mosqheHAVANA 16 Abril  Turkey’s Religious Affairs Foundation (TDV) sent a delegation to Cuba to discuss building a mosque in its capital Havana.The plan is part of a wider project by the TDV in building mosques for Muslims who live in the Caribbean.
Having paid a visit to the Cuban department of religious affairs, TDV assistant manager Mustafa Tutkun sought permission to begin work on the mosque, which will be designed after the famous Ortakoy mosque in Istanbul.
The mosque is being built to serve the city’s 3,500 Muslims and will be complete within a year, Tutkun said.
Land for the mosque has already been allocated in the city’s Old Havana district. Tutkun said that the design of Ortakoy mosque would fit in nicely with the architecture of the surrounding area.
The plan is part of a wider project by the TDV in building mosques for Muslims who live in the Caribbean. A similar project in Haiti is due to be complete by the end of this year, Tutkun said.(World Bulletin / News Desk)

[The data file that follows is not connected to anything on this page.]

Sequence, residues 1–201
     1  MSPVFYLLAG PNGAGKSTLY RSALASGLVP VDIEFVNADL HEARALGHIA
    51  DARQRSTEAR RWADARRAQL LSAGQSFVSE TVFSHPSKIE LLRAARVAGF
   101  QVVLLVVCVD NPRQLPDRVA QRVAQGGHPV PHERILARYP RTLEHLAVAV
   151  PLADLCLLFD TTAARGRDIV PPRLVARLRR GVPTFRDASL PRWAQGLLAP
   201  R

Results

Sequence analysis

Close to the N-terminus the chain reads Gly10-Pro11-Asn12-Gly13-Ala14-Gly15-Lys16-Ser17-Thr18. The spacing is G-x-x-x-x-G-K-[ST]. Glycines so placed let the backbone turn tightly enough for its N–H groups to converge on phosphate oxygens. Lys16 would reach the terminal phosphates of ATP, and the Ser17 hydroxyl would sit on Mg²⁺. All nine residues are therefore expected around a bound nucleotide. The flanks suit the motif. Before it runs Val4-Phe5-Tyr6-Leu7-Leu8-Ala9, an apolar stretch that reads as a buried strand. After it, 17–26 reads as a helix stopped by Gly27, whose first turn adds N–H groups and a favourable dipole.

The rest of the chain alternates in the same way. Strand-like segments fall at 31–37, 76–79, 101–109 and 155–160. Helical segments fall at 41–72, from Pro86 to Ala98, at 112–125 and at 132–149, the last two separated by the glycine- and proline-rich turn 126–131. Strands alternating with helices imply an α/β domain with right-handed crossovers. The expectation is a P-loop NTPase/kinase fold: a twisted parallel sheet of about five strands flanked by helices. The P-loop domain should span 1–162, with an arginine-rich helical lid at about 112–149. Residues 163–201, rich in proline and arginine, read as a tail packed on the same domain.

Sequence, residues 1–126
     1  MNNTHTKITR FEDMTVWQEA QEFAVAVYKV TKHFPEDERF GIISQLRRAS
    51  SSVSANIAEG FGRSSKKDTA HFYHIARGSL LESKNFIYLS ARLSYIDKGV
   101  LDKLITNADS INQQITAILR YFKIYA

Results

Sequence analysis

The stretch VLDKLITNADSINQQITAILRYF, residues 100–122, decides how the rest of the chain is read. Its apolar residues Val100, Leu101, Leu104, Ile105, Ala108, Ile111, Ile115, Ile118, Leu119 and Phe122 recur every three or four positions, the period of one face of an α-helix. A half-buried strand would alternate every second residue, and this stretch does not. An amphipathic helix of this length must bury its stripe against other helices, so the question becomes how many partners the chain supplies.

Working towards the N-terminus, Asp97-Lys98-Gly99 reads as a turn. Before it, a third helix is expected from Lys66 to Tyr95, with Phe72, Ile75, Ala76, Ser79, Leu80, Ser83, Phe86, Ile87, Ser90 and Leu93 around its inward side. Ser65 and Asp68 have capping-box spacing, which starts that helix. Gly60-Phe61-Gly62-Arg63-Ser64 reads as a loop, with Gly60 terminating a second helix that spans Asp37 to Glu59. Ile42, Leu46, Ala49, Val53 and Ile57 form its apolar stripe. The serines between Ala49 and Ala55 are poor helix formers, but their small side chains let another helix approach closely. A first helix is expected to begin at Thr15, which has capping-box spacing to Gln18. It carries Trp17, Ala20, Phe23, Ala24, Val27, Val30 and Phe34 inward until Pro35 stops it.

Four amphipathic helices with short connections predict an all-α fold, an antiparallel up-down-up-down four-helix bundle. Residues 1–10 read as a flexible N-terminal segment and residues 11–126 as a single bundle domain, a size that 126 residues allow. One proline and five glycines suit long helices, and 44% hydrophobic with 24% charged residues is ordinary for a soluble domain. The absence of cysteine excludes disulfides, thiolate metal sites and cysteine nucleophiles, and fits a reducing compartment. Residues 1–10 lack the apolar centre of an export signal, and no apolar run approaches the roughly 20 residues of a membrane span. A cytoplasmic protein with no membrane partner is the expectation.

b208ed723c163227e50b31cc4ea64e121cd495ffHAVANA 16 Abril  Cuba has now made Good Friday an official national holiday after restoring that Catholic feast as an “exceptional” measure when Pope Benedict XVI visited the island in 2012.
The new Labor Code, passed by the National Assembly in December, established Good Friday as a holiday “every year,” Communist Party daily Granma said Tuesday.
Since the new regulation will take effect in June, the Labor and Social Security Ministry issued a special ruilng to make this Friday a day off work.
The first Good Friday that Cuba celebrated in decades was on April 6, 2012, following a request made by Benedict XVI to President Raul Castro during his March 26-28 visit to the island.
In 2013, the government maintained the holiday but without mentioning that the reason for it was to celebrate Good Friday.